Judge to rule on motion prior to sentencing in Chyung case
New London Superior Court Judge Barbara Bailey Jongbloed said Wednesday that she would issue a decision prior to the July 22 sentencing Chihan Eric Chyung on a defense motion to overturn Chyung's murder and manslaughter convictions.
A 12-member jury in March found Chyung, 51, guilty of murder and first-degree manslaughter with a firearm for the June 2, 2009, shooting death of his wife, Paige Bennett. Chyung admitted he shot his wife of just three weeks after they had a protracted argument at their Taftville home, but said the shooting was an accident. He said his Glock 9 mm discharged accidentally when he attempted to pack it in a suitcase.
His attorneys, Brian J. Woolf and Kathleen E. Rallo, in April filed a motion for a judgment of acquittal, saying the verdict contains legally inconsistent findings concerning Chyung's state of mind and citing cases in which higher courts have overturned such verdicts. They say the murder charge requires that the jury find Chyung acted intentionally, while the manslaughter charge requires a finding that he acted with reckless disregard for human life.
During oral arguments Wednesday, Rallo cited higher court decisions in cases with "inconsistent verdicts" that require the court to vacate the Chyung verdicts and send the case back for a new trial. When Jongbloed asked whether it would be acceptable to vacate the murder verdict and sentence Chyung solely on the manslaughter charge, Rallo said that would not be consistent. The maximum sentence for murder is 60 years. First-degree manslaughter with a firearm carries a minimum sentence of five years in prison and a maximum of 40.
Senior Assistant State's Attorney David J. Smith argued that the defense was aware of the charges that would go to the jury before deliberations began. He said the judge, at the defense's request, had added so-called "lesser included charges" of second-degree manslaughter with a firearm and criminally negligent homicide. He argued also that the murder and manslaughter charges were on the "continuum" of homicide crimes.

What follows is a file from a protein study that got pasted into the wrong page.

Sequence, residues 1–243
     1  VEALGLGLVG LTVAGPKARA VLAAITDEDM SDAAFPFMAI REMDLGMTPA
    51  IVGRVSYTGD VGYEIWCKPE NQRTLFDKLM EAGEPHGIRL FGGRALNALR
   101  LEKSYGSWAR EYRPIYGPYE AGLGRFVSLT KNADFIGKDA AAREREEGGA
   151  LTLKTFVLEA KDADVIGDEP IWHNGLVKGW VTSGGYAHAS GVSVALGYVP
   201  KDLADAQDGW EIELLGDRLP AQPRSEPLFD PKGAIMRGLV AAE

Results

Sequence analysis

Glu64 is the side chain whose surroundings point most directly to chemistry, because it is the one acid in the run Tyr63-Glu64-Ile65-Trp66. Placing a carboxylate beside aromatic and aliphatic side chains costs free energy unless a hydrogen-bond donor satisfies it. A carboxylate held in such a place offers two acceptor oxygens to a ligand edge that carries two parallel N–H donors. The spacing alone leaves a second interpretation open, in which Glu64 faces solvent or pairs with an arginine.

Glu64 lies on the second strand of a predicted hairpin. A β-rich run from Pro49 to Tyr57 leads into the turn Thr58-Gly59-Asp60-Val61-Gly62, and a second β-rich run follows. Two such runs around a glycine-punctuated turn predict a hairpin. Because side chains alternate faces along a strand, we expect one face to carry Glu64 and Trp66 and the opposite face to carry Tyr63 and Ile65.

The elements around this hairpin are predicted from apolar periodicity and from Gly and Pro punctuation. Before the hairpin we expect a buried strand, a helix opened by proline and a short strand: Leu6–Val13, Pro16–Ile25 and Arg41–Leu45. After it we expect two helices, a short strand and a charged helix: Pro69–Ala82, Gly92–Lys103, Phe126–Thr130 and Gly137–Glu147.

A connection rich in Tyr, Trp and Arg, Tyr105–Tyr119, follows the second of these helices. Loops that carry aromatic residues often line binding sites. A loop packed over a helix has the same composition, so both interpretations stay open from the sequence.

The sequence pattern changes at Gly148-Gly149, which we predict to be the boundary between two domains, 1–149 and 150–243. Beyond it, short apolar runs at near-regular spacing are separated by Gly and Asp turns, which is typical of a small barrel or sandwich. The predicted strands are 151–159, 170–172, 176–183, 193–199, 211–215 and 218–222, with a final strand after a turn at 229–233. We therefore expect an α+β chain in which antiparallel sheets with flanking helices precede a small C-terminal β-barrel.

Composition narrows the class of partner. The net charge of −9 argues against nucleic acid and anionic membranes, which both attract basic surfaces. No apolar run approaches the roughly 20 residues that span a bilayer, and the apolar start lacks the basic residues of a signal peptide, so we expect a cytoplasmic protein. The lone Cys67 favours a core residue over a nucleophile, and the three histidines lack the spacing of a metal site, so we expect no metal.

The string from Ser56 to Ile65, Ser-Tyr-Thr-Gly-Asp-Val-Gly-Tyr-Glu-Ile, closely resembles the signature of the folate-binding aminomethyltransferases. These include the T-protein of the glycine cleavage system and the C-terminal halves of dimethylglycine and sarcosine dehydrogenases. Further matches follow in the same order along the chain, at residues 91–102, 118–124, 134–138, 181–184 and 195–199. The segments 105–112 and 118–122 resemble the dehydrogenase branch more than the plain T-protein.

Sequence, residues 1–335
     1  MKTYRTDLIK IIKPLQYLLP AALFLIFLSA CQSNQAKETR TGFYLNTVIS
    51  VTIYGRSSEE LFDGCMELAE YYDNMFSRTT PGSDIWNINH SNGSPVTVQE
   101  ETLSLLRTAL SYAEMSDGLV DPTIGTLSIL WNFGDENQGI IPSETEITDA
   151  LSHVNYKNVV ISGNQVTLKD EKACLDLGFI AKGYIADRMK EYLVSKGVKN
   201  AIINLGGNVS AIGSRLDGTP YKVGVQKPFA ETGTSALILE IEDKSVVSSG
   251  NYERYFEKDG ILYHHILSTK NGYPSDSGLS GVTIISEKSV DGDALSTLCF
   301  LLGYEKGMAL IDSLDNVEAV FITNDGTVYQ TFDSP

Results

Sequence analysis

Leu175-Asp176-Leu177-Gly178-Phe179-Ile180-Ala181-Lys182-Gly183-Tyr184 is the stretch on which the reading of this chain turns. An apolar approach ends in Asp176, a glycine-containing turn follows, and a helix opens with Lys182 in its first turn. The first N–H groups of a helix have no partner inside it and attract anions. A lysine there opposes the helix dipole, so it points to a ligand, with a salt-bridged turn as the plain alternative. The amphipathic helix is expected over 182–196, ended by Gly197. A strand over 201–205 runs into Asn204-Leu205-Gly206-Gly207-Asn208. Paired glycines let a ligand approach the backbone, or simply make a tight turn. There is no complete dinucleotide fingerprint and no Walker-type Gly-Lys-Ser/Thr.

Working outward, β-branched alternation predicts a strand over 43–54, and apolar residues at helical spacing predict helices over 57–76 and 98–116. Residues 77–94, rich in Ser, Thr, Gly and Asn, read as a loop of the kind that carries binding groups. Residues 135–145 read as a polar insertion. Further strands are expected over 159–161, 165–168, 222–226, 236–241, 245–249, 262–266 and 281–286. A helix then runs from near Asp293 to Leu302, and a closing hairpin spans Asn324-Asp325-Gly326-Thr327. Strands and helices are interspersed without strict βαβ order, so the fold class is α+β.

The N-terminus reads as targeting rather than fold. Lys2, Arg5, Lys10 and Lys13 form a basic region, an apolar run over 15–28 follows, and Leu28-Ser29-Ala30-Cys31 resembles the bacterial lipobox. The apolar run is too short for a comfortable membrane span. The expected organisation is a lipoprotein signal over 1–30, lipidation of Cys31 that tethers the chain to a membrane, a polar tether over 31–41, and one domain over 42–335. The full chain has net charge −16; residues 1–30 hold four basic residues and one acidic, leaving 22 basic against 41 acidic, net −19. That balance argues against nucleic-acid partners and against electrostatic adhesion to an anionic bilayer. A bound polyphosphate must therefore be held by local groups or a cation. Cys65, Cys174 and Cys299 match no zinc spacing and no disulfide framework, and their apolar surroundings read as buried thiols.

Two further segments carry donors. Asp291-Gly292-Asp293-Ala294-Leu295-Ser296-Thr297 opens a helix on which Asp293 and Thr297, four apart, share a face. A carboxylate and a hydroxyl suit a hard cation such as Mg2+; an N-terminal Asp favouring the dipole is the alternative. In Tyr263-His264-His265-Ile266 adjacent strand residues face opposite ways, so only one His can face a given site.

"You cannot allow a party to have an opportunity to correct an issue, then purposefully not correct it and use it to their benefit," Smith argued. Smith said no injustice has been done, based on the "substantial" amount of evidence and the type of evidence in the case.
The jury came back with the guilty verdicts after about three hours of deliberation, prompting the defense to claim Chyung could not receive due process in such a short time. Also, there was a brief period of confusion when the jury announced its verdict in open court. After the jury foreman said the panel had found Chyung guilty of murder, Court Officer Martha Jenssen asked him whether the jurors found Chyung guilty or not guilty of the manslaughter charge. The foreman initially responded, "not guilty," but changed his answer to "guilty" after the other jurors reminded him that they had agreed on a guilty verdict.
Also Wednesday, Chyung's attorneys asked if Chyung and his new wife, Dayna Deyulio Chyung, could have copies of his presentencing investigation prior to sentencing so they could study the document and prepare for the sentencing hearing. Jongbloed denied the request to provide the wife a copy and said she would "take under advisement" the request to provide Chyung a copy.